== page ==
> of the university and smiled.  He walked over and said "And still you
>   I had not the slightest as what he meant.  After I graduated I hobbled
> after the dean and asked him what he meant by his comment.  He said "Are
> familiar with Maya Angelou's poem 'Still I Rise'?  I nodded in agreement
> that I did.  He then said "As a student you were exceptional, but as an
> individual faced with challenges that some people would wither to, curl up
> and die in defeat, or take advantage of the disease and use it as an
> not to prevail, you rose above the disease and and demanded acceptance.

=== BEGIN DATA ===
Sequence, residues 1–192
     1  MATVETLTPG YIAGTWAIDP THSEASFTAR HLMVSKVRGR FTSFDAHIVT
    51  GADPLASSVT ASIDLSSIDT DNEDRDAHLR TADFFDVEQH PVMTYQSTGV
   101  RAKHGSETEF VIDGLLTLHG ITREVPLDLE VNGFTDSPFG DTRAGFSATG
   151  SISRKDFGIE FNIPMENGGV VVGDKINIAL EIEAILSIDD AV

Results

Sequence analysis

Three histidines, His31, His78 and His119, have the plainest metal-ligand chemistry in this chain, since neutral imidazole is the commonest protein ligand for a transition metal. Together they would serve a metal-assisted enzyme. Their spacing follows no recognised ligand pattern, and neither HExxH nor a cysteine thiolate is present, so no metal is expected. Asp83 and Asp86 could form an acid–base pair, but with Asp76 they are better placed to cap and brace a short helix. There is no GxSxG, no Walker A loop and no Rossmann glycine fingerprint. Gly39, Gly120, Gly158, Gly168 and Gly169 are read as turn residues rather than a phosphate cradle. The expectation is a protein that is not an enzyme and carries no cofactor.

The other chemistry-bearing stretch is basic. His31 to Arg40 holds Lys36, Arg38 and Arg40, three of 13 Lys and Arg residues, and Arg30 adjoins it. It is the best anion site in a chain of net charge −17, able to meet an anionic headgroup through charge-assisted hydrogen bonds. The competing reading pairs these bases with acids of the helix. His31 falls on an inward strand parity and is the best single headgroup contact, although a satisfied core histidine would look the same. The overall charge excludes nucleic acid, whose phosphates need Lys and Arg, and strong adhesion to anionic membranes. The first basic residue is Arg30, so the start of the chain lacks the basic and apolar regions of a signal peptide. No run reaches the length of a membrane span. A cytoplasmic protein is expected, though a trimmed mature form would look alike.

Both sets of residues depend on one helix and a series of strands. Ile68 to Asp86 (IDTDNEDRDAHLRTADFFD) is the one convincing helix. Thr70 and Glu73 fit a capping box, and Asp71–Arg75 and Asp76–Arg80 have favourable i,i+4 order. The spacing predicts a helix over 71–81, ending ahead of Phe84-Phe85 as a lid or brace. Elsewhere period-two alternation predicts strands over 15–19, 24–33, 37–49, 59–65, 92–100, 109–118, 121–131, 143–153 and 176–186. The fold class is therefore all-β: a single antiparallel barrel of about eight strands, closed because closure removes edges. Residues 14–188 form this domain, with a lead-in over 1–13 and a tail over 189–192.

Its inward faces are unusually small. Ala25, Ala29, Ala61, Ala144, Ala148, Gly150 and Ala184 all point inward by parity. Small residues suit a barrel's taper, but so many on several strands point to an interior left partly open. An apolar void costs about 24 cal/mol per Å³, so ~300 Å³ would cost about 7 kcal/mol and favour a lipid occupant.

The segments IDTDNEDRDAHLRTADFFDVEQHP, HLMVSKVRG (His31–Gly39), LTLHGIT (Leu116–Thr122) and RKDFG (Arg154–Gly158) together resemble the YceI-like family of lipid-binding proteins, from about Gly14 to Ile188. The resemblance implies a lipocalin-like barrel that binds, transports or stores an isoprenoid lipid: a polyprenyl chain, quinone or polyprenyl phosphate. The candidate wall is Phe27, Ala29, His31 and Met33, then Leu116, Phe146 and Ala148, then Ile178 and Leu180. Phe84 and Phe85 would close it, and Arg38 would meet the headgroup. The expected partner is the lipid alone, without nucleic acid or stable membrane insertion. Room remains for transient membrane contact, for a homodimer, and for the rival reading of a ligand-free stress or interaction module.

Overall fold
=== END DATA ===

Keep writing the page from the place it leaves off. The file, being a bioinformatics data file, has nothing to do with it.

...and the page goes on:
> as a person you are extraordinary."
> Today, I am a proud veterinarian that has a large animal practice
> specializing in Reproductive Medicine.  I also am an adjunct professor at
> veterinary school.  I am "lucky" to have been given the opportunity to
> smack dab in the middle of the line in many avenues of my life.
> I read the poem "Still I Rise" the other day and finally after a few years
> since my graduation, I understand what he meant.
> We as people with diabetes are NOT entitled to anything but what every
> individual in this country is entitled to.  Having diabetes is not an
> instant claim to privileges.  Each one of us should be proud and lucky to
> among the "regular" population, to be accepted in the work force, to be
> validated as worthy individuals who CAN have a family, who CAN hold down
> gainful avenues in life and who CAN hold their own and NOT let this damn
> disease characterize us as weak.  Be PROUD to stand in the line and NOT be
> treated as different and rushed to the front of the line.  Be PROUD to be